Opportunities to develop positive social values and norms;
Opportunities for skill building and mastery;
Opportunities to develop confidence in one’s abilities to master one’s environment (a sense of personal efficacy);
Opportunities to make a contribution to one’s community and to develop a sense of mattering; and
Strong links between families, schools, and broader community resources.
Since these features typically work together in synergistic ways, programs with more features are likely to provide better supports for young people’s positive development.
Although all of these features are key to the success of children and adolescents at all ages, specific settings may focus their priorities differently to meet the developmental needs of particular participants—for example, younger children need more adult-directed structure and supervision than older youth and the skills that one needs to learn in childhood are different from those that need to be learned in adolescence. Supportive, developmental settings, as a result, must be designed to be appropriate over time for different ages and to allow the setting to change in developmentally appropriate ways as participants mature. Positive development is also best supported by a wide variety of these experiences and opportunities in all of the settings in which adolescents live—the family, the school, the peer group, and the community. Still, exposure to such opportunities in community programs can compensate for lack of such opportunities in other settings.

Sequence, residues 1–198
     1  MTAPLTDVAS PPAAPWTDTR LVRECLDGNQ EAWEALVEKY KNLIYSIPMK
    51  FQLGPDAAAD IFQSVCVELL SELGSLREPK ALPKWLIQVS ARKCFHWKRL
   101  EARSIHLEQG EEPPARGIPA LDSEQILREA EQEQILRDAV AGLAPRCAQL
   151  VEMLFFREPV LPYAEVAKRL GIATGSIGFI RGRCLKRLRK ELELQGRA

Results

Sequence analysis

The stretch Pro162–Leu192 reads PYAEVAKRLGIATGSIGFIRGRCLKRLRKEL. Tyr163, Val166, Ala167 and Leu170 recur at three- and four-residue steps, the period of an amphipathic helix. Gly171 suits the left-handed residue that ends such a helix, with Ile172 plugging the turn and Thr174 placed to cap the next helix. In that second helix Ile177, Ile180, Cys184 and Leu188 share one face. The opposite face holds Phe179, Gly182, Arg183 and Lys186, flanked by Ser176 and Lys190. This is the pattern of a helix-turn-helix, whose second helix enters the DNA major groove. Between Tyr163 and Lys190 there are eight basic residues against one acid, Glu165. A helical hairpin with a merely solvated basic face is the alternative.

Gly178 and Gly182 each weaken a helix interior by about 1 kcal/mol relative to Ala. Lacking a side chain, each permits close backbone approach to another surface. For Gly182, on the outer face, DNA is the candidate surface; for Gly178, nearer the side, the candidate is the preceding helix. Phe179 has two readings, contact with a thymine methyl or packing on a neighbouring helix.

Community programs can expand the opportunities for youth to acquire personal and social assets and to experience the broad range of features of positive developmental settings.
Programs can also fill gaps in the opportunities available in specific adolescents’ lives. Among other things, these programs can incorporate opportunities for physical, cognitive, and social and emotional development; opportunities to deal with issues of ethnic identity, sexual identity, and intergroup relationships; opportunities for community involvement and service; and opportunities to interact with caring adults and a diversity of peers who hold positive social norms and have high life goals and expectations.